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Transactions are verified by network nodes through cryptography and recorded in a public distributed ledger called a blockchain. Bitcoin was invented by an unknown person or group of people using the name Satoshi Nakamoto[10] and was released as open-source software in 2009.[11] Bitcoins are created as a reward for a process known as mining. They can be exchanged for other currencies, products, and services.[12] Research produced by University of Cambridge estimates that in 2017, there were 2.9 to 5.8 million unique users using a cryptocurrency wallet, most of them using bitcoin.[13]
^ Beikverdi, A.; Song, J. (June 2015). Trend of centralization in Bitcoin's distributed network. 2015 IEEE/ACIS 16th International Conference on Software Engineering, Artificial Intelligence, Networking and Parallel/Distributed Computing (SNPD). pp. 1–6. doi:10.1109/SNPD.2015.7176229. ISBN 978-1-4799-8676-7. Archived from the original on 26 January 2018.
The receiver of the first bitcoin transaction was cypherpunk Hal Finney, who created the first reusable proof-of-work system (RPoW) in 2004.[24] Finney downloaded the bitcoin software on its release date, and on 12 January 2009 received ten bitcoins from Nakamoto.[25][26] Other early cypherpunk supporters were creators of bitcoin predecessors: Wei Dai, creator of b-money, and Nick Szabo, creator of bit gold.[21] In 2010, the first known commercial transaction using bitcoin occurred when programmer Laszlo Hanyecz bought two Papa John's pizzas for ₿10,000.[27]
The first cryptocurrency to capture the public imagination was Bitcoin, which was launched in 2009 by an individual or group known under the pseudonym, Satoshi Nakamoto. As of February 2019, there were over 17.53 million bitcoins in circulation with a total market value of around $63 billion (although the market price of bitcoin can fluctuate quite a bit). Bitcoin's success has spawned a number of competing cryptocurrencies, known as "altcoins" such as Litecoin, Namecoin and Peercoin, as well as Ethereum, EOS, and Cardano. Today, there are literally thousands of cryptocurrencies in existence, with an aggregate market value of over $120 billion (Bitcoin currently represents more than 50% of the total value).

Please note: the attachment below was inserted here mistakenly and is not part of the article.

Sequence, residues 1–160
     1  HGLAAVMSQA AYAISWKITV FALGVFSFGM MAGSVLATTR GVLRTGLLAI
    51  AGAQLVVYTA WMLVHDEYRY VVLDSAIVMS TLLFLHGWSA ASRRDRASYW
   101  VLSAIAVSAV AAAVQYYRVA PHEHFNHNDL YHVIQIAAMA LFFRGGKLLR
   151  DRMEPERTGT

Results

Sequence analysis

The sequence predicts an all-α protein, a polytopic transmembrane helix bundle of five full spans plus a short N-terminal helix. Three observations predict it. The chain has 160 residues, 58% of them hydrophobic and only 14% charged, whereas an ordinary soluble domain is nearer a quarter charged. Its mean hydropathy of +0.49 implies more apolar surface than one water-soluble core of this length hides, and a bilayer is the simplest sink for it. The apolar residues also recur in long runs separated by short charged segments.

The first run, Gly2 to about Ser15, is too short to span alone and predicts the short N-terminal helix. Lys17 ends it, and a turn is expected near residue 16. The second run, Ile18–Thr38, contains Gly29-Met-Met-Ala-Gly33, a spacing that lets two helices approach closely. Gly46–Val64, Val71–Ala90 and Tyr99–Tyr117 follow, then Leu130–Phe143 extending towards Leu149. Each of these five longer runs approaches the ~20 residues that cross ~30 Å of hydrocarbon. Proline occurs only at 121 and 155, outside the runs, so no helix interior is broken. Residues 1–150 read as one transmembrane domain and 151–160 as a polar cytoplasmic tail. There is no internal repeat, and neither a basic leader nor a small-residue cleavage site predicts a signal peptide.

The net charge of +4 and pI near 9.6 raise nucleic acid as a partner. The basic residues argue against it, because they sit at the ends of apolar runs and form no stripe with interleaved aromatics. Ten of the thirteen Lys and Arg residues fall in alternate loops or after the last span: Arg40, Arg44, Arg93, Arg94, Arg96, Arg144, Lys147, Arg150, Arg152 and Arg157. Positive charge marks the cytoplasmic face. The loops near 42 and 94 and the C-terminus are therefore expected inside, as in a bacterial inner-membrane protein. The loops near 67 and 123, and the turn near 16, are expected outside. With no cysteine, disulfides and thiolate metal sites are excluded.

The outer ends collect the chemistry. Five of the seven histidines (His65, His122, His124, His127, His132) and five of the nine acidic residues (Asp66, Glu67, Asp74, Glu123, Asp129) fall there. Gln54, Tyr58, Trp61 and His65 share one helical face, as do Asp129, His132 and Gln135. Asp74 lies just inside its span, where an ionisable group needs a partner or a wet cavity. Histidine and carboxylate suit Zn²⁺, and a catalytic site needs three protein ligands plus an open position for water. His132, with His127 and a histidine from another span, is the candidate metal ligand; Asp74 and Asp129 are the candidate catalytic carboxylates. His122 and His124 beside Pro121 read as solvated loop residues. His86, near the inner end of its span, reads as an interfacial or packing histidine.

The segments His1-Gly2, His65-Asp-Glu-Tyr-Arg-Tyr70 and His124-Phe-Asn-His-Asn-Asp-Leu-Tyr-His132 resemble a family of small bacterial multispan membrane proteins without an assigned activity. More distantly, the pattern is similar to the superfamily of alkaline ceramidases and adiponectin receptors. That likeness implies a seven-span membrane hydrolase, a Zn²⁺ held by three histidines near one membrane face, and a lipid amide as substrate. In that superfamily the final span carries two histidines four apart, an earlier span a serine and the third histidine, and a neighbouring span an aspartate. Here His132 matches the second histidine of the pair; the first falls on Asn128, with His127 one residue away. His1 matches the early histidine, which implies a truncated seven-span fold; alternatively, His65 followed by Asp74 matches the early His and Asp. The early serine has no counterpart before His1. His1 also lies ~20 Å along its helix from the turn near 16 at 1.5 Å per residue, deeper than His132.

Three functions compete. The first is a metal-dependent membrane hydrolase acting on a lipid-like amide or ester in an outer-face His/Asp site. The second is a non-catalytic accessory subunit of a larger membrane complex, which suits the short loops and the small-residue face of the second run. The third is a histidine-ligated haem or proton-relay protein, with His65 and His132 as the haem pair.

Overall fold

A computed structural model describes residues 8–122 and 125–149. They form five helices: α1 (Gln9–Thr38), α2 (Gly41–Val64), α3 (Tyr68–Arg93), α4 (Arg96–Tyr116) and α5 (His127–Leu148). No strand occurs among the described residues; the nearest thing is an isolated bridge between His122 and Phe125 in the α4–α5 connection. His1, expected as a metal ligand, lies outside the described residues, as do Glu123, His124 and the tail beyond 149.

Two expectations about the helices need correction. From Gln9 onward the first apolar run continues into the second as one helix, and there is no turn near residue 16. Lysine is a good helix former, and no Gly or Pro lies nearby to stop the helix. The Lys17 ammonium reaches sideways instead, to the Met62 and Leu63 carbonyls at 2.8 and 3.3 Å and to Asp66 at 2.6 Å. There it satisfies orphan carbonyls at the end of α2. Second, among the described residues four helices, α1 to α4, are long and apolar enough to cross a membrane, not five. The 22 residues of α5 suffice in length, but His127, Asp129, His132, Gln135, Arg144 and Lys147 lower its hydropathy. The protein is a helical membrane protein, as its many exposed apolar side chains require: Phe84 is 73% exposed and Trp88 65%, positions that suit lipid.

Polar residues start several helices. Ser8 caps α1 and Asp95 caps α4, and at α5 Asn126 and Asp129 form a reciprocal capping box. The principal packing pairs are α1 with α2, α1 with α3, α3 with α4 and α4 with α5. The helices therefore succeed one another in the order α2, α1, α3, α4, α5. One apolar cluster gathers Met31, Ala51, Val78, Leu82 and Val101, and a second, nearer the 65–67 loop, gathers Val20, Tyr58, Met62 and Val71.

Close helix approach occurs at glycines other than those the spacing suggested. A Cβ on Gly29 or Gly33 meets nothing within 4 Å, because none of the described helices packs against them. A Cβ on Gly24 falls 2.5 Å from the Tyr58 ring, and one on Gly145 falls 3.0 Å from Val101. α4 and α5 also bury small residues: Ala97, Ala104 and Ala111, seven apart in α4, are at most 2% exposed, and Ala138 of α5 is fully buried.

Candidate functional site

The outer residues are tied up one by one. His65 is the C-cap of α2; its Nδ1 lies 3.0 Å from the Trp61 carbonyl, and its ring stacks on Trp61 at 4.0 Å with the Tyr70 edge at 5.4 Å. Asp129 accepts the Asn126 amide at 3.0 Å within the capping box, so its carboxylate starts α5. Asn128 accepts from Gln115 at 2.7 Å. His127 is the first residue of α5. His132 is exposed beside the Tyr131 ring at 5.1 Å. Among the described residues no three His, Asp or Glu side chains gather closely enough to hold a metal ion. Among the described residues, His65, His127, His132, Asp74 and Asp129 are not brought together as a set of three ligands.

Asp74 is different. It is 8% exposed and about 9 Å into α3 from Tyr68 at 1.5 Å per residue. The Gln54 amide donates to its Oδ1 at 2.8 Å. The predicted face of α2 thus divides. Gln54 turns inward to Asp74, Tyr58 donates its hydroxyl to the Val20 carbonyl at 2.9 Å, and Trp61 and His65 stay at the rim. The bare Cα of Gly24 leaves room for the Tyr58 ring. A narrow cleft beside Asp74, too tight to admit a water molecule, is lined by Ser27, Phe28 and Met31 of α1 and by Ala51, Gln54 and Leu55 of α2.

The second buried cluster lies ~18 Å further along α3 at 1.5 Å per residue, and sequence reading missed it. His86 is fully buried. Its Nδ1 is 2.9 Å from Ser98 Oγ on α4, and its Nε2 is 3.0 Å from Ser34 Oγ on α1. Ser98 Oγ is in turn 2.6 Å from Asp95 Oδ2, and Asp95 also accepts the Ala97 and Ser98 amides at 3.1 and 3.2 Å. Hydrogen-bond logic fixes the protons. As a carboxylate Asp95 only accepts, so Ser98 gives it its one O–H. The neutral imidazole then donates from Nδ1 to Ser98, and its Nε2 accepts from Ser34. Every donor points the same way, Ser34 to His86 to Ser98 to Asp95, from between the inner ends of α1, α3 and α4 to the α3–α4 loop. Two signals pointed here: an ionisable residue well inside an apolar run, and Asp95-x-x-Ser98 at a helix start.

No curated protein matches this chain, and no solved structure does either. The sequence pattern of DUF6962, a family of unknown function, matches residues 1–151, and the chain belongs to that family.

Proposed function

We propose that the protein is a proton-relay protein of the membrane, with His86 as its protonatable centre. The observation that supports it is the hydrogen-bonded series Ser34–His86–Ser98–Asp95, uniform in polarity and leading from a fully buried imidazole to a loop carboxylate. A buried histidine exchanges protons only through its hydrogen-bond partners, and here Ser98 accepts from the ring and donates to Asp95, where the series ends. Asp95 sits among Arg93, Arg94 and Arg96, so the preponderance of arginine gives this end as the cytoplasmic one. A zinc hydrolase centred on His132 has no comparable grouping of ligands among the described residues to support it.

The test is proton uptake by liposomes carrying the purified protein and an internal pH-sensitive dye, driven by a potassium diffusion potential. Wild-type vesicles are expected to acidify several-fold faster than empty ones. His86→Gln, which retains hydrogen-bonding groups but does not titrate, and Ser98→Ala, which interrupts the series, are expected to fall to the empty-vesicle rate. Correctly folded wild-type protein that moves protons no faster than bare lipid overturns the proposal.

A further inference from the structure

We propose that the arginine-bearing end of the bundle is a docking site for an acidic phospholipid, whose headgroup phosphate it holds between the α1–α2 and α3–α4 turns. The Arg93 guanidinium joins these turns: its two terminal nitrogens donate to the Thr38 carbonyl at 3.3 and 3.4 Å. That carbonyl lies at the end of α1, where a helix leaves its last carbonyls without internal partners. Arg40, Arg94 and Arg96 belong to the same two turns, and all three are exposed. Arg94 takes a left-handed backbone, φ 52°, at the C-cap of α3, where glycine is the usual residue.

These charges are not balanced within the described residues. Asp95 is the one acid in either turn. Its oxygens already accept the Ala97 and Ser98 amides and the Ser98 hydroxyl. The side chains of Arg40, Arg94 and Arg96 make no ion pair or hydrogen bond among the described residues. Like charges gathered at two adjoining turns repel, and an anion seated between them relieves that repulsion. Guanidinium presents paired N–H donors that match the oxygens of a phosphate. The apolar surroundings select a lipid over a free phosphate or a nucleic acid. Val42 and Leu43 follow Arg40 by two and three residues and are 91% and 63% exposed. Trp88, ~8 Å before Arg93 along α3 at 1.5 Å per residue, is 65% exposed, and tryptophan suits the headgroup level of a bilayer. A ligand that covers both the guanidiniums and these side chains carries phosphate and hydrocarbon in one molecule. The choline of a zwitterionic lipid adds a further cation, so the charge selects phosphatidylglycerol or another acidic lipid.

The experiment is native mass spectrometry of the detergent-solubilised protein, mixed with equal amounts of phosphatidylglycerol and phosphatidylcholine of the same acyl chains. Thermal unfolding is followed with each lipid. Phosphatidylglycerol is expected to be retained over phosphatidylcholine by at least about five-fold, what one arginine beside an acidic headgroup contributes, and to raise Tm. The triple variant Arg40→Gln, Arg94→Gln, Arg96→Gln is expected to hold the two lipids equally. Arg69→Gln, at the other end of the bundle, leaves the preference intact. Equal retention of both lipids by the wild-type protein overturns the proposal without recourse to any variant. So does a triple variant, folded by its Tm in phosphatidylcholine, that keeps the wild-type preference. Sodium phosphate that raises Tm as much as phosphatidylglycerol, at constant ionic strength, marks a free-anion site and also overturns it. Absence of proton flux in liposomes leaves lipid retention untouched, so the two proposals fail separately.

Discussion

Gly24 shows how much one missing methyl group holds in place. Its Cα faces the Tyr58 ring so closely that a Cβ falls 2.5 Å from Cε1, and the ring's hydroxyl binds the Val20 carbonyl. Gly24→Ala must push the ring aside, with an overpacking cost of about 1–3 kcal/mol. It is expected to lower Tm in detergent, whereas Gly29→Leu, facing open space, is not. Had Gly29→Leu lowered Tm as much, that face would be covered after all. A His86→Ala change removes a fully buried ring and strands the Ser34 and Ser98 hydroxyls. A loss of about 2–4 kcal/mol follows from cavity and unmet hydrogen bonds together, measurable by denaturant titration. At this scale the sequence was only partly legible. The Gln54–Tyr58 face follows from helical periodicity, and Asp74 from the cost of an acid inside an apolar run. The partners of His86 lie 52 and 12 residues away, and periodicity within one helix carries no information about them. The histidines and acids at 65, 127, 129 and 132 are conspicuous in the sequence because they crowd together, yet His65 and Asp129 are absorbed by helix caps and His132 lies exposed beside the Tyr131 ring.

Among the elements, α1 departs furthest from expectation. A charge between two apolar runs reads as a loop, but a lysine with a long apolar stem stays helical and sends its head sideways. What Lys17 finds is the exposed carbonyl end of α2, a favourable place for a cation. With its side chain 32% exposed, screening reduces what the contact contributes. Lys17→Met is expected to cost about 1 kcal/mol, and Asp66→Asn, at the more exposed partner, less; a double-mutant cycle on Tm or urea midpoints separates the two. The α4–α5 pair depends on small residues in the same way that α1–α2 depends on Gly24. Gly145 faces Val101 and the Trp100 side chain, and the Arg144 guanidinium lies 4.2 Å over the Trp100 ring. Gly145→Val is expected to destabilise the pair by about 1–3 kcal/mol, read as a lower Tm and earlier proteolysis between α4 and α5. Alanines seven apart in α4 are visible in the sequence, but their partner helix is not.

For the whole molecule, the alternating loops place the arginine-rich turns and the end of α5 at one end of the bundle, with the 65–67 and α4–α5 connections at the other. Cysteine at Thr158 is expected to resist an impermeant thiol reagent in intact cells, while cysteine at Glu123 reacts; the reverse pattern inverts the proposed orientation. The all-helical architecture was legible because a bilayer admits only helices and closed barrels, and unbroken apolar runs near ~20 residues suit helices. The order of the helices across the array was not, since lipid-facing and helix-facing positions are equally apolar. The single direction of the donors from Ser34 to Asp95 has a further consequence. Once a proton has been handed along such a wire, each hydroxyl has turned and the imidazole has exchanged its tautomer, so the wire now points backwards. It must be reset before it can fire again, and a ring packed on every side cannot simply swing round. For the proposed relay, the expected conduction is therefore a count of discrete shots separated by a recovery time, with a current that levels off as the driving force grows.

Bitcoin is a digital asset designed to work in peer-to-peer transactions as a currency.[4][135] Bitcoins have three qualities useful in a currency, according to The Economist in January 2015: they are "hard to earn, limited in supply and easy to verify."[136] Per some researchers, as of 2015, bitcoin functions more as a payment system than as a currency.[32]
To lower the costs, bitcoin miners have set up in places like Iceland where geothermal energy is cheap and cooling Arctic air is free.[205] Bitcoin miners are known to use hydroelectric power in Tibet, Quebec, Washington (state), and Austria to reduce electricity costs.[204][206] Miners are attracted to suppliers such as Hydro Quebec that have energy surpluses.[207] According to a University of Cambridge study, much of bitcoin mining is done in China, where electricity is subsidized by the government.[208][209]

^ "Bitcoin: The Cryptoanarchists' Answer to Cash". IEEE Spectrum. Archived from the original on 4 June 2012. Around the same time, Nick Szabo, a computer scientist who now blogs about law and the history of money, was one of the first to imagine a new digital currency from the ground up. Although many consider his scheme, which he calls "bit gold", to be a precursor to Bitcoin

On 25 March 2014, the United States Internal Revenue Service (IRS) ruled that bitcoin will be treated as property for tax purposes. This means bitcoin will be subject to capital gains tax.[64] In a paper published by researchers from Oxford and Warwick, it was shown that bitcoin has some characteristics more like the precious metals market than traditional currencies, hence in agreement with the IRS decision even if based on different reasons.[65]

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